Raise a glass, boys, to Janet Ancel, hardworking chair of the House Ways and Means Committee. For it was she who ignored the express wishes of the Shumlin administration and added some oversight to a program that sorely needs it.
I’m talking Vermont Employment Growth Incentive (VEGI), the
slush fund economic development program that gives public funds to private employers promising to grow their workforce. VEGI was up for renewal this year, and the administration wanted a permanent extension (or at least five years) with no strings attached.
What it got instead, thanks largely to Rep. Ancel, was a three-year extension with legislative oversight added. She also inserted a mandated “cost-benefit analysis” to determine whether VEGI is actually accomplishing what it’s supposed to. And yesterday, the full House approved an omnibus economic-development bill including her VEGI provisions. A noteworthy accomplishment, given the administration’s active resistance.
After the jump: the unprovable merit of VEGI.
Patricia Moulton, chief of the cabinet’s Rotten Borough — the Agency of Commerce and Community Development — had resisted Ancel’s reforms, claiming that VEGI is “a proven program… that’s working well,” and doesn’t need any more oversight, thank you very much:
“The program’s been audited four times already in its seven-year history,” Moulton said.
Yeah, well, about that. I don’t know when those audits happened or who did them, but here’s what State Auditor Doug Hoffer had to say about VEGI less than one year ago
The very heart of the program is a subjective assertion by applicants that cannot be independently confirmed (the “but for”). Therefore, when called upon to audit the program, it is impossible for us to say whether it is performing well or not. VEGI is characterized by some as having no fiscal costs, but that assumes a foolproof “but for” which cannot be verified. With this in mind, I would urge caution in expanding the program.
“But for” is the evanescent claim that an employer’s expansion would never have happened “but for” the VEGI grant. That’s the fundamental justification for VEGI’s existence, and here’s our Auditor saying it “cannot be verified.”
The “audits” claimed by Moulton, I think, focused on whether VEGI was operating within its statutory authority. Those audits prove nothing about the quality of the law itself, and even less about the efficacy of VEGI.
For instance: the leading recipient of VEGI, by far, is Keurig Green Mountain. It’s received four VEGI grants in the past seven years. Now, KGM has enjoyed rapid growth — but that’s because of its single-brew technology, not because of a state tax incentive. I can’t prove anything, but I seriously doubt that KGM wouldn’t have grown to a dominant position “but for” the VEGI funds.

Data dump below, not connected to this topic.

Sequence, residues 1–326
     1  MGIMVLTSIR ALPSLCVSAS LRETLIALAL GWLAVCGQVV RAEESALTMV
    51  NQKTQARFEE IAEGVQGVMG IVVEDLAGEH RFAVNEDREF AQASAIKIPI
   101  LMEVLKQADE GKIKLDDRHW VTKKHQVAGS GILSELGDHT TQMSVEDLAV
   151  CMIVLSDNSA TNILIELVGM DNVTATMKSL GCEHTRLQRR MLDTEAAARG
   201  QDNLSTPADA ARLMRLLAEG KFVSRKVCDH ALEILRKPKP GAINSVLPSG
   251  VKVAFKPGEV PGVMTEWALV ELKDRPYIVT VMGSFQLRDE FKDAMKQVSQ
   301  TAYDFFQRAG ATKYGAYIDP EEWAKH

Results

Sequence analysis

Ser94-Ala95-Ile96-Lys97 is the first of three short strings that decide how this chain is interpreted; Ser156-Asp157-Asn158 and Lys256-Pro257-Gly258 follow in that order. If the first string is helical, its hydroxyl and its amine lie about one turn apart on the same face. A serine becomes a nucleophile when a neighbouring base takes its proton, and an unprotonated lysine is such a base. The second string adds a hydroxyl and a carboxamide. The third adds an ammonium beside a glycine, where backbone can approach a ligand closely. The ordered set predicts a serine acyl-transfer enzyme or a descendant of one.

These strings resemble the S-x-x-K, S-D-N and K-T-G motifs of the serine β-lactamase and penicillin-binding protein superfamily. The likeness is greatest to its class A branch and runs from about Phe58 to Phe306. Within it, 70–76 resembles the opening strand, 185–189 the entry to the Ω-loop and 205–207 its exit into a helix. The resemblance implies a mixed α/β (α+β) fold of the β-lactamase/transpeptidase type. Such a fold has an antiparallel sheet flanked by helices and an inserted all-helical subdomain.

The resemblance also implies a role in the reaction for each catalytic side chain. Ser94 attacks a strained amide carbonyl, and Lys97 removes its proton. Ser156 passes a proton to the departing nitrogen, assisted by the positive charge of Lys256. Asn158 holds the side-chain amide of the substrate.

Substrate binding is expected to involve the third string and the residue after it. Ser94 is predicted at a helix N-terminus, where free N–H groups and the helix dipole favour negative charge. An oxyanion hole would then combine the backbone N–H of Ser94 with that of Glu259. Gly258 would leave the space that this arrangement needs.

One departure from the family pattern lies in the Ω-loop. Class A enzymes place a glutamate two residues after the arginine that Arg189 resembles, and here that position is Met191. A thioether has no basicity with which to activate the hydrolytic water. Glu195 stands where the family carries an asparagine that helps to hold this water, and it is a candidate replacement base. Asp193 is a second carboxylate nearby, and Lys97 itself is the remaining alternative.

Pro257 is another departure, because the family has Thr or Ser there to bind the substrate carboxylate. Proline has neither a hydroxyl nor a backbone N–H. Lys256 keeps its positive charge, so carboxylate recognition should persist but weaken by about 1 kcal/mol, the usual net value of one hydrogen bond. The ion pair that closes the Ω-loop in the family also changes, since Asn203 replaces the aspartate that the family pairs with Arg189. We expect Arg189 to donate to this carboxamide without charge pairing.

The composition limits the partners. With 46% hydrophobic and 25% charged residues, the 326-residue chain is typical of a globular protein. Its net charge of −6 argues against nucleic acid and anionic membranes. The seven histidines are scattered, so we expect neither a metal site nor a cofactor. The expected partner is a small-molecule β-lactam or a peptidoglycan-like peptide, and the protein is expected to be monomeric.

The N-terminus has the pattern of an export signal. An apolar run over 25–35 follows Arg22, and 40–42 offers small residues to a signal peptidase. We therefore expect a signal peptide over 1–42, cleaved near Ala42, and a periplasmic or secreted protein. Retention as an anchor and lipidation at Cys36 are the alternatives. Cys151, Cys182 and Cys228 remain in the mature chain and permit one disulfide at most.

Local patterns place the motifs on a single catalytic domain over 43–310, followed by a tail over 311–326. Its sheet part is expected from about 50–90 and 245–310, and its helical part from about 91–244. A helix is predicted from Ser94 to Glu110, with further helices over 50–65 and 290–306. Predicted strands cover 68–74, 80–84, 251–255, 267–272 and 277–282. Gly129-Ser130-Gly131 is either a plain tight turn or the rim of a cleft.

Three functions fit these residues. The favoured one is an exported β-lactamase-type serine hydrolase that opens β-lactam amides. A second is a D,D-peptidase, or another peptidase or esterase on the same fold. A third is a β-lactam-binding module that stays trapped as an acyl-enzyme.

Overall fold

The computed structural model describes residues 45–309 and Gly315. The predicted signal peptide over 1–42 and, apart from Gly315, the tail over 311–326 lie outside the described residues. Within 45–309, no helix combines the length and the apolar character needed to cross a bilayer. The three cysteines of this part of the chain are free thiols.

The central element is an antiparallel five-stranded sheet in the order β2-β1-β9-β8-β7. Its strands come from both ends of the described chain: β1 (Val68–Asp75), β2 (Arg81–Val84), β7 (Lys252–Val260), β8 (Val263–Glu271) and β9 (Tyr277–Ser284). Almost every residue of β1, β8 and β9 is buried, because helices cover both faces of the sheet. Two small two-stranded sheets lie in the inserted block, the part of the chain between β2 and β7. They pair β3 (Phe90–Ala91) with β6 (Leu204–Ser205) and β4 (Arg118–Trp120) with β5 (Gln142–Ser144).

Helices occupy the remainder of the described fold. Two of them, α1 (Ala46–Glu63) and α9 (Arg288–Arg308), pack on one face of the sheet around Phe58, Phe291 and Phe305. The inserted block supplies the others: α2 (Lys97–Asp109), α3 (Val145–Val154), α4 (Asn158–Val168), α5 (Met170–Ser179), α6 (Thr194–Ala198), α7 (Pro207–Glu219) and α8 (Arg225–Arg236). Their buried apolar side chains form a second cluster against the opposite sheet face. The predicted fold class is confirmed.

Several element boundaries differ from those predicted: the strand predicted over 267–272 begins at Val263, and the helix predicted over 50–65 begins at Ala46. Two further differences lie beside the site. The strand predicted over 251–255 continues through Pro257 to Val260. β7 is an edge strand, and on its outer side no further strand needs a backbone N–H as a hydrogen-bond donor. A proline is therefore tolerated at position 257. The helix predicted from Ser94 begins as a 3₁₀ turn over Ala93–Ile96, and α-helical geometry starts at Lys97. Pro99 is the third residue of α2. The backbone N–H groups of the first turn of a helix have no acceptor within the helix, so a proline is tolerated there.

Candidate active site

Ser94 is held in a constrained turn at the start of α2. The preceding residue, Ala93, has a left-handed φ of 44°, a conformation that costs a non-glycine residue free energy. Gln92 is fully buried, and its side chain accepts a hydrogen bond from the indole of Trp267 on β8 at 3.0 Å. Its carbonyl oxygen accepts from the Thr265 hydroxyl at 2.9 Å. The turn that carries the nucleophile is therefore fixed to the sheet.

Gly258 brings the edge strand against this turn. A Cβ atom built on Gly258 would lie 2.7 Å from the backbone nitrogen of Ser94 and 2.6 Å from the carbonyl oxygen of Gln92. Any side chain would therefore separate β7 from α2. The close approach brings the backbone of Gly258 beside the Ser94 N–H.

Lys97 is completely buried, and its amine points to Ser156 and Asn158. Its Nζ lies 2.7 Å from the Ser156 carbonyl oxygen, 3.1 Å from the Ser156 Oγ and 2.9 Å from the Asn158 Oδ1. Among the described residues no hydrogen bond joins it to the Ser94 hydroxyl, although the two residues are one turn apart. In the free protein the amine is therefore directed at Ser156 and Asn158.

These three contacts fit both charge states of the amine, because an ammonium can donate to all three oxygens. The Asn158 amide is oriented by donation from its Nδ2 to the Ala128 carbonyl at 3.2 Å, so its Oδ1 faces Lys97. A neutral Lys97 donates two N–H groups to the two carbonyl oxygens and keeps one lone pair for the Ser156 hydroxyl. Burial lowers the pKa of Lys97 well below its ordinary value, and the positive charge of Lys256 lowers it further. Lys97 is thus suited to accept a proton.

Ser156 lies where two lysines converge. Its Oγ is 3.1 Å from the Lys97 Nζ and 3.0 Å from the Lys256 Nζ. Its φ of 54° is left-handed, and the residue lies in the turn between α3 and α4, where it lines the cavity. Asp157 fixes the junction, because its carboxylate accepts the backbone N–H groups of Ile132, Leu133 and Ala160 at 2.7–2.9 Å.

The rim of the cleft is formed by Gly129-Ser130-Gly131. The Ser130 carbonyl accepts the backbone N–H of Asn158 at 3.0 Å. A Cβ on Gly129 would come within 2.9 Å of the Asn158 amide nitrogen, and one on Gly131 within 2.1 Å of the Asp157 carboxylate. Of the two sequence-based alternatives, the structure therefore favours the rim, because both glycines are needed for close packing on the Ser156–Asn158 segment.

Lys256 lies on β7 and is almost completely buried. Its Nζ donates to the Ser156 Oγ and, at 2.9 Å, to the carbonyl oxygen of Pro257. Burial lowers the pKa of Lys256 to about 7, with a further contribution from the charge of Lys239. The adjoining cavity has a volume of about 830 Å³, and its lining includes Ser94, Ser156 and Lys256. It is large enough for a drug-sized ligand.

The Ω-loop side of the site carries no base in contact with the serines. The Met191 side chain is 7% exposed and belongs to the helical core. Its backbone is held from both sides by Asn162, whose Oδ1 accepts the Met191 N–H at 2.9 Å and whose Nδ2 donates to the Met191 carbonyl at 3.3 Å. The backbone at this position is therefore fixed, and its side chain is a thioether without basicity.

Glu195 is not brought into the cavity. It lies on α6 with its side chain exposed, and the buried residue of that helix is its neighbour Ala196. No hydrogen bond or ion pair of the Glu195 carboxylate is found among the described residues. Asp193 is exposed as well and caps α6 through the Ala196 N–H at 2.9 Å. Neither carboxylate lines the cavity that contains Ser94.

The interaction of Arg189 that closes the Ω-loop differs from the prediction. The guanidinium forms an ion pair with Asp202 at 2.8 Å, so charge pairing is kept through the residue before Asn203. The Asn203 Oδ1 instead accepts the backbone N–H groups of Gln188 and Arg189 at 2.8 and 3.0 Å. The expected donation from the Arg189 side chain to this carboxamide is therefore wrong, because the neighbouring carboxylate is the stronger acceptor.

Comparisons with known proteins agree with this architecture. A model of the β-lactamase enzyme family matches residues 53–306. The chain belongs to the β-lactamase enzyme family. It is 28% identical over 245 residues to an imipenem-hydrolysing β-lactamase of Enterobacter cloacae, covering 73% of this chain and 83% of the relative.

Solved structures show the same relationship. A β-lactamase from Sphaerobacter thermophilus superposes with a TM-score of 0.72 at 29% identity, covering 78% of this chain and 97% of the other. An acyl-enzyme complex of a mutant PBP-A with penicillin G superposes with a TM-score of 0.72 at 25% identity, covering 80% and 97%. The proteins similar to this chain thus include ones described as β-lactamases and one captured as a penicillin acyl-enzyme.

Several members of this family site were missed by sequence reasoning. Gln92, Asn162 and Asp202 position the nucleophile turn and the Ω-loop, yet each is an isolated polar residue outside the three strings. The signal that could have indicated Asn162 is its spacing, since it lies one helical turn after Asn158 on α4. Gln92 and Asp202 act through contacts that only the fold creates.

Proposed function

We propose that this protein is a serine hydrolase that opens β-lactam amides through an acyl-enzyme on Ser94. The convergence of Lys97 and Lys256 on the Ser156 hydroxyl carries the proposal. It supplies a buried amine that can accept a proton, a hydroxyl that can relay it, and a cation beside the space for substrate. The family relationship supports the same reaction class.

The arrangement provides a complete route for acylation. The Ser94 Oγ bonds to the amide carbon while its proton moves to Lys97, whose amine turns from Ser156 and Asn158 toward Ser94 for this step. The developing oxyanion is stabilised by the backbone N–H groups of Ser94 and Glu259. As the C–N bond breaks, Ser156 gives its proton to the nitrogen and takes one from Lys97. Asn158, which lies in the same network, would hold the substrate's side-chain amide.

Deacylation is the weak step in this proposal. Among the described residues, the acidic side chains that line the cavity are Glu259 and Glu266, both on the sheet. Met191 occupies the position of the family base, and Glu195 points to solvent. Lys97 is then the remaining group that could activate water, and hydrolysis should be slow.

And its future prospects, clouded by encroaching competitors and managerial missteps, will have nothing to do with VEGI.
This isn’t a KGM-specific issue. There are legitimate, serious doubts about VEGI-style programs. University of Massachusetts economist Jeffrey Thompson did a study of such programs across New England, and determined that…
“… their impacts are modest at best. As much as 96% of the jobs and most of the investments used to claim these tax credits would have been created without the incentives.”
“The real harm,” Thompson says, is that the incentives divert money from “real public investments.”
“For example, one analysis finds that a long-term $875 million annual incentive program in New England would produce just 9,000 jobs, compared to over 130,000 jobs if that same amount of money was invested instead in high-quality universal preschool in the region.”
VEGI is a sugar pill. Tastes good, gives you a shot of energy. Makes a nice headline, lets the governor look like a job creator. But its actual effects are unproven at best. Legitimate, direct public investments, on the other hand, are proven economic stimulators.
Thanks to Janet Ancel, the House has strengthened the VEGI program. That’s a good thing. Given the political climate around VEGI, it’s the best we could hope for.
Now it goes to the Senate, where Shumlin will prevail on his former colleagues to strip away Ancel’s reforms.
Which is to say nothing of the fundamental reality: VEGI is a distraction, and a detraction, from real economic reforms that do good for business and for the people.